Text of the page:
In 1916, the United States was on the verge of entering World War One, and citizens around the country were preparing to further the war effort.
Two of those citizens were Adeline and Augusta Van Buren.
The sisters were descendants of President Martin Van Buren, and they felt a keen desire to show their patriotism.
Adeline and Augusta were society women, used to a life of privilege and comfort, when the onset of war caused them to enter a whole new world.
According to Road and Track, Addie and Gussie (as they liked to be called) may have been society ladies, but they had some fairly unorthodox and athletic interests for women of their time.
They liked to box and fly airplanes. They ice skated. They loved to ride motorcycles and took part in an annual motorcycle race between New York and Poughkeepsie on New Year’s Eve. Their motorcycle skill was the one they wanted to offer up for the war effort.
The Van Buren sisters volunteered to become military dispatch motorcycle couriers for the troops, allowing, they said, troops to be freed up for the actual fighting. The government turned them down flat, since women were forbidden from being involved in any combat duty.
Addie and Gussie decided that the thing to do was to demonstrate in a concrete way that they were particularly well-suited to the task, despite their gender, and force the government to reconsider its position.
Having already logged thousands of hours on their motorcycles, the way they chose to do it was by making the 3,000 mile trip across the United States, unaccompanied.
The trip would be long and difficult — there were no interstates at the time, or even maps for the part of the trip that was west of the Mississippi, according to Mental Floss; in fact, there weren’t always roads. The sisters felt that the difficulty and danger involved in making the trip should amply demonstrate their fitness to work as couriers in the war.
They began their trip July 4th, from Sheepshead Bay Racetrack in Brooklyn, heading for California, riding their Indian motorcycles along the Lincoln Highway. Equipped with their bikes, their amazing courage, and their support for each other, they hit the road.
Their great nephew, Robert Van Buren, later told the Worcester Telegram “There were no road maps west of the Mississippi. The roads were just cow passes, dirt trails, wagon trails, things like that.”
The Lincoln Highway wasn’t a manicured, paved road like we think of today. The sisters were faced with bad weather, which in turn, made for bad roads, throwing them off course and playing havoc with their schedule.
Van Buren went on to say, “They had no helmets. They just had goggles with a leather cap and leathers on. They were really exposed to the elements. They had a tough time.”
One of the first major obstacles the sisters encountered happened only a few days into their trip. West of Chicago, the sisters were pulled over by police… for the way they were dressed.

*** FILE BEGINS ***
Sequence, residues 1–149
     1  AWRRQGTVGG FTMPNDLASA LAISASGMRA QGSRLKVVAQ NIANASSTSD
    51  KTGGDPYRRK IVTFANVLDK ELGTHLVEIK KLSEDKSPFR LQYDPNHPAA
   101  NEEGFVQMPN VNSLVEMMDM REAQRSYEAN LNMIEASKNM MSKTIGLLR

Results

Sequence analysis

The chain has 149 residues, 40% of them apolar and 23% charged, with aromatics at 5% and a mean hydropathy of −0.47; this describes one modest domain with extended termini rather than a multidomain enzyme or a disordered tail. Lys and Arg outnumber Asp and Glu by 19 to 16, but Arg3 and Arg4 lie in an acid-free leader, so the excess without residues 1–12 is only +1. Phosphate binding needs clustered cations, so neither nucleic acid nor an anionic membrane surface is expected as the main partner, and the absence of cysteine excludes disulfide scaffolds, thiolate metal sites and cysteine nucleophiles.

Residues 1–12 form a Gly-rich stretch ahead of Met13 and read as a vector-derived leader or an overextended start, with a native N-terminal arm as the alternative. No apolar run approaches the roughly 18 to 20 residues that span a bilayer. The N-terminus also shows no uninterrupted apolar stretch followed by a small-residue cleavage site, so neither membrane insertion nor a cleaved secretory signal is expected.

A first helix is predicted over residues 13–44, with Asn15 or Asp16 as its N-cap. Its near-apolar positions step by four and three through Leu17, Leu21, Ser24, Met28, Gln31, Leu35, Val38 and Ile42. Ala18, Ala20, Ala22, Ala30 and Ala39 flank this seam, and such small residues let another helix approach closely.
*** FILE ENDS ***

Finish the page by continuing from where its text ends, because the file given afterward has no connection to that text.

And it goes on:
It was still illegal in some states for women to be dressed “like a man, ” and the sisters were wearing leggings and leather riding breeches. They were able to plead their case and were released, but it caused their first slowdown. That wasn’t the only time the issue came up. They were arrested over and over again for their attire, causing more delays, and the trip that they were planning on completing in one month turned into two.
When the sisters hit the Rockies in August, they set their first record, becoming the first women to ever scale Pike’s Peak with motorized vehicles. Since they were already running so far behind schedule, they decided to shift their projected route, choosing to take a more direct path through the Rocky Mountains, instead of going north through Wyoming as they had originally planned.
The route may have been more direct, but it was also more treacherous, especially when heavy rains turned the roads into deep mud, which eventually bogged the motorcycles down so badly that the women were forced to leave them and look for help on foot. They eventually found a mining town. Some miners helped them free their stuck motorcycles and offered them food and rest.
They had another near-disaster 100 miles west of Salt Lake City, when high winds scoured away the path they were following, and they were in the desert with very little water. Luckily, they happened across a prospector who could offer them supplies as well as set them back on the right path.
On September 2nd, the two women finally reached San Francisco, and they completed their journey to Los Angeles on September 8th. They didn’t stop after that, either. Addie and Gussie pushed on, heading south down California into Tijuana.
Their journey did receive a lot of media coverage, but not generally the sort that they were hoping for. Their ride was often either talked about as some sort of “vacation, ” or, like a piece in the Denver Post, it was suggested that the ladies were using the war as an excuse to ignore their duties at home. Worse yet, the government was unmoved in their refusal to allow the sisters to become couriers.
Emboldened by their epic trip, and with their enthusiasm to succeed in a male-dominated world undiminished, the sisters took on other projects. Addie received a law degree from New York University, at a time when a woman practicing law was virtually unheard of. Gussie perfected her aviation skills, and joined the Ninety-Nines, an international organization of female pilots.
Their amazing trip and their later pursuits served as beacons for women aspiring to new opportunities and choices, and they did it before women even had the vote.